-- It is home to the world’s northernmost brewery (Tromsø).

It has no external debt.

-- The first UN General Secretary was a Norwegian (Trygve Lie).

-- Manchester United and Liverpool fan clubs have more Norwegian members than any other nationality.

-- It has the highest female employment rate in Europe (74% of all adult females).

-- It has the world’s longest road tunnel (24.5km).

-- 99% of electricity generated in Norway is produced hydro-electrically.

-- Norway regularly tops the UN survey of Human Development in the following areas: life expectancy, access to tertiary education and average income.

-- The Norwegian Pension Fund was worth around £358 billion in January 2012, equivalent to around £67,000 for every man, woman and child in Norway. This makes it the second largest sovereign wealth fund in the world.

-- Norway is the world's fifteenth-largest oil producer and seventh largest gas exporter (2010).

-- In 2010, Norway exported 37 Million Tonnes of crude oil to the UK (48% of its total crude oil exports) and 29 Million Sm3 (Roughly a third of its total natural gas exports)

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Basic Economic Facts

GDP: £271 billion (2010)
GDP per head: £55,537 (2010)
GDP growth: 0.7% from 2009 (2010)
Inflation: 1.2% (November 2011)
Major Industries: Oil and gas and energy, farmed fish, shipping, manufactured goods.
Major trading partners: Exports to UK (27%), Germany (13%), Netherlands (10.1%), France (9.2%), Sweden (7.4%). Over 70.9% of total exports of goods and services go to the EU.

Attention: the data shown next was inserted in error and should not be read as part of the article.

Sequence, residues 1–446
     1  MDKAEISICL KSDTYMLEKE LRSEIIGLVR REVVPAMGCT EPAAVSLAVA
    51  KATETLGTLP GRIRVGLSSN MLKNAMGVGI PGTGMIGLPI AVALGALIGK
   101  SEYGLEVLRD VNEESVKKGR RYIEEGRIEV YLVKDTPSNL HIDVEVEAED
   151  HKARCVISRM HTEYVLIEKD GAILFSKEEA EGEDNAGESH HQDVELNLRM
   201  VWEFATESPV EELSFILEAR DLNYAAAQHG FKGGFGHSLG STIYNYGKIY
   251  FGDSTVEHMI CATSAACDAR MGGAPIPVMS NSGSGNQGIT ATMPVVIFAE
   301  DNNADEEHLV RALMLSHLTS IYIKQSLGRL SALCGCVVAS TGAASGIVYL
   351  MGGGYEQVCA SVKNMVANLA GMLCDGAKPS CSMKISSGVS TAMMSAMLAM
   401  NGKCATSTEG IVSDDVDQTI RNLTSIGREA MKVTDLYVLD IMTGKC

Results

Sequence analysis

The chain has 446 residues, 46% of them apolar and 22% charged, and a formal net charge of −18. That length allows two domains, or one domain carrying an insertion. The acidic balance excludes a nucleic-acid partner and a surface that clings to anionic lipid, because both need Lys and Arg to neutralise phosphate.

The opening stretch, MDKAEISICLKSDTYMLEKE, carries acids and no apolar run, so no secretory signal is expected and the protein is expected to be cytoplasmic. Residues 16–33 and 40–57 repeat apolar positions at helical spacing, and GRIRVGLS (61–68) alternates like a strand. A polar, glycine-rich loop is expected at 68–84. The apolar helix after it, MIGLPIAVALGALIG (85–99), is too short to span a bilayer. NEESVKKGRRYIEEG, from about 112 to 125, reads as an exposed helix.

Sources: Statistics Norway, Norwegian Ministry of Finance, Dept Business, Innovation and Skills

Following a ten year period of rapid growth, the economy of Norway has levelled. The world-wide financial crisis did not affect Norway as badly as many other nations. The Bank of Norway lowered interest rates to 1.25% in the spring of 2009 (increased October 2009 to 1.5%) and by the end of the third quarter of 2009 Norway showed every sign of recovering well.
Norway achieved growth of 1.5% in 2010, and largely avoided the type of financial turmoil experienced by other European and world economies.

The Norwegian economy is dominated by the oil and gas sector, which accounts for 50% of value creation. In 2010 production of crude oil totalled 104.4 million Sm3 while gas production for the same period was 106.4 million Sm. Exports of crude oil and petroleum products were worth £48 billion in 2010, making Norway one of the world’s major oil and gas exporters. Oil revenues are invested for the future in the Government Pension Fund, the market value of which reached NOK 3.327 Trillion (£358 billion) in January 2012. According to current estimates Norway has oil for at least the next 30 years and gas for at least 100 years.